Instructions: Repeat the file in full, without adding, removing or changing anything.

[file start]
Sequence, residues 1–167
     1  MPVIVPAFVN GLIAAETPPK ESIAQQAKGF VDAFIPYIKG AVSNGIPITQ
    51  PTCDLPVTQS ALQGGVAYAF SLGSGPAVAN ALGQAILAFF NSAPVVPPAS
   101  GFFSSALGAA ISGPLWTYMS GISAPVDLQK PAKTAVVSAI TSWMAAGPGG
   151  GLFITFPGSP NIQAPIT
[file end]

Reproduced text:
Sequence, residues 1–167
     1  MPVIVPAFVN GLIAAETPPK ESIAQQAKGF VDAFIPYIKG AVSNGIPITQ
    51  PTCDLPVTQS ALQGGVAYAF SLGSGPAVAN ALGQAILAFF NSAPVVPPAS
   101  GFFSSALGAA ISGPLWTYMS GISAPVDLQK PAKTAVVSAI TSWMAAGPGG
   151  GLFITFPGSP NIQAPIT